01/22/2008 12:00AM

Leader of the pack not done

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BEVERLY HILLS, Calif. - Steve Asmussen will tell you what he thinks, but usually only when he's asked. And since no one shoved a microphone in his face during the public ceremonies announcing the Eclipse Awards here Monday evening, he was content to be part of the giddy bunch celebrating the announcement that 3-year-old champion Curlin will be known forevermore as 2007 Horse of the Year.

Only problem is, the broad-shouldered Asmussen tends to stand out in any crowd, what with that jet black Van Dyke and set of brows to match, topped off by his razored shock of salt-and-pepper hair. Add to that a riverboat gambler's tux that made him look like a lost Maverick brother, and Asmussen certainly seemed like somebody, even though he found himself standing about as far from the podium as possible, just a couple steps from the wings. Fortunately, it did not take long for Jess Jackson, Curlin's principal owner, to beckon Asmussen to his side, correcting the order of merit.

"Horse racing is an ancient and honorable sport, characterized by the people who work in the trenches," Jackson said, lauding Asmussen and his staff.

No one argued. Ancient and honorable. How else would you describe the remarkable feat of shaping a colt, fresh from taking his maiden as the season dawned, into a classic-winning Horse of the Year while running in nothing but stakes? In Eclipse Award history, Curlin's only real precursors have been Sunday Silence, who began the 1989 season eligible for his first allowance condition before winning the Derby, Preakness, and Breeders' Cup Classic, and Tiznow, who did not make his racing debut until April of 2000 but still took the Swaps, the Super Derby, the Goodwood, and the Classic.

When the dust of the ceremonies cleared, after an event refreshingly free of either embarrassment or serious tedium, Asmussen found himself in more informal company. For some reason, the name Curlin came up.

"It doesn't take much, and right now I'm only about 12 ounces of beer away from one too many," Asmussen said, clear as a bell, "but I want to tell you about this horse. There's a thousand ways he's shown me just how smart he is. Things we needed to show him only once, and he got it. And he'd be insulted if you thought he hadn't.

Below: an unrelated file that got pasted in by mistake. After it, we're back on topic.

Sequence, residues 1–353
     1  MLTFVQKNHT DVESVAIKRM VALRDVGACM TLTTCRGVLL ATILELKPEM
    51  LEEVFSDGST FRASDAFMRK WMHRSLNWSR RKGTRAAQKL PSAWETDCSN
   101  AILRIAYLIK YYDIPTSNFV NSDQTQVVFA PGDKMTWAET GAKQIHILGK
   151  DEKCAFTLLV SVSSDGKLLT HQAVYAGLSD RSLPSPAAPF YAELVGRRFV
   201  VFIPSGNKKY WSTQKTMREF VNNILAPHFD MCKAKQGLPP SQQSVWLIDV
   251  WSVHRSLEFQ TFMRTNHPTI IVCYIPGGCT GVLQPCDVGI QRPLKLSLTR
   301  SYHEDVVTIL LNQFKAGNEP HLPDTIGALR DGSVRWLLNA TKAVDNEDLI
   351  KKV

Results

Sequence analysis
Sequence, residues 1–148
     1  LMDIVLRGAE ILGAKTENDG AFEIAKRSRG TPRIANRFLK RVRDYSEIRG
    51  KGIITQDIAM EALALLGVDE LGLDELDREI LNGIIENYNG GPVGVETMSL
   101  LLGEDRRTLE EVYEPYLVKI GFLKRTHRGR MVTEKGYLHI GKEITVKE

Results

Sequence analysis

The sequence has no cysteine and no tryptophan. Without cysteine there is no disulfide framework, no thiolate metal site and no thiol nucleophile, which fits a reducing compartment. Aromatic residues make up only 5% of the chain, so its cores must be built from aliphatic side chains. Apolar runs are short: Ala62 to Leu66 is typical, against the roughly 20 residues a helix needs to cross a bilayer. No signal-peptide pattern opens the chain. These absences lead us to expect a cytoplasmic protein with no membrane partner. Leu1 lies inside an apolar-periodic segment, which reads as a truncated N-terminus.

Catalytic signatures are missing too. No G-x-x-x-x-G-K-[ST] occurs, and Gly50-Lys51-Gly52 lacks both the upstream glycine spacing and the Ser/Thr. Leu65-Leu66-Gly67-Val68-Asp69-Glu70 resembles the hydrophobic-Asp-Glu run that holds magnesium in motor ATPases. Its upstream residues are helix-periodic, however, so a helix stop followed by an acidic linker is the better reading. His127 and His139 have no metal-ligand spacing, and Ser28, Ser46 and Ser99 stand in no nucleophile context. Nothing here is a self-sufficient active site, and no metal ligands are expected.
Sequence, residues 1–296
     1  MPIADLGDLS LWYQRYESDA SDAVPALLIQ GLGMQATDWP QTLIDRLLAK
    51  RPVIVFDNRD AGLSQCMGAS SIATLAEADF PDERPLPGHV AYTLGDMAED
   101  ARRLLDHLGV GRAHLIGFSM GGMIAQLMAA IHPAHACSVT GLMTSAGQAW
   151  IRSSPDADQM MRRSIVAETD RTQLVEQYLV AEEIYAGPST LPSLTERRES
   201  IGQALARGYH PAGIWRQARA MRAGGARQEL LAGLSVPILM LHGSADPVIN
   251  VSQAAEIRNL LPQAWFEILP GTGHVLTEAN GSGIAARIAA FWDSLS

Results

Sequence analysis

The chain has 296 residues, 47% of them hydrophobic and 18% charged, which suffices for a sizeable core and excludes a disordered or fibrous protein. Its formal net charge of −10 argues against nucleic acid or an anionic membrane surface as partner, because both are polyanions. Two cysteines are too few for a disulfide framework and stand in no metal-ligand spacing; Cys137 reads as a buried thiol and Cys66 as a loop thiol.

"When we got him I didn't know for certain if I'd be running him in a nonwinners-of-two at Keeneland, or what," Asmussen went on. "After the Derby - in his fourth start! - he came back to the barn like he'd just worked. An experience like that, you expect them to take a long time just to want to take a drink. You don't think you might have to tranquilize them to keep them from kicking down the barn.

"People look at him, standing there in his stall, ears forward and bright, and think he wants them to come over and make friends," the trainer continued. "Don't be misled. He's got other worlds on his mind, and there's folks with the scars to prove it. He's a herd leader, the dominant one. I have seen him literally intimidate other horses just walking into the paddock."

Thank goodness, then, that Curlin will get a chance to do it again. Jackson's confirmation that Curlin would race at age 4 received the loudest cheers of the night.

"This is about a horse," Jackson said. "A horse bred to endure."

Still, the evening's most surprising revelation came when Eclipse Award-winning breeder Frank Stronach collected his second statue, for champion older female Ginger Punch, and proclaimed that "ginger tea" is his favorite beverage instead of his aggressively advertised Frank's Energy Drink, an Austrian product that promises to keep the consumer "Yodeling All Night Long." This is a good thing?

Contenders among the presenters for the night's cutest couple came down to those wacky Hall of Famers, Gary Stevens and Laffit Pincay, and the far more glamourous pairing of two-time Derby winner Carl Nafzger and Emmy Award-winning actress Kim Delaney, who was wearing what undoubtedly started out, in all good faith, to be a dress.

After presenting the awards to Shadwell Farm for champion owner and to Todd Pletcher for champion trainer, then leaving the stage hand in hand with Delaney, Nafzger was asked why they seemed to hit it off so well.

"She's a very good actress," Nafzger replied.

Pletcher, who had to settle for his fourth straight Eclipse and a large bottle of sponsor's vodka, deflected as much credit as he could.

"Any of these individual awards are about the horses," Pletcher insisted, and with three champions on the night - Rags to Riches, English Channel, and Lawyer Ron - it was easy to see why he felt that way.

In the end, it was John Nicholson, executive director of the Kentucky Horse Park, who sounded the right note in accepting a Special Eclipse Award for his organization, which honors all horses, great and small.

"A horse's value is far greater than the sum of his conformation, his value, and his sales price," Nicholson said. He was talking about John Henry, the Horse Park's most famous attraction before his death last year. But there were a lot of creatures in that category being honored Monday night.

Especially the herd leader.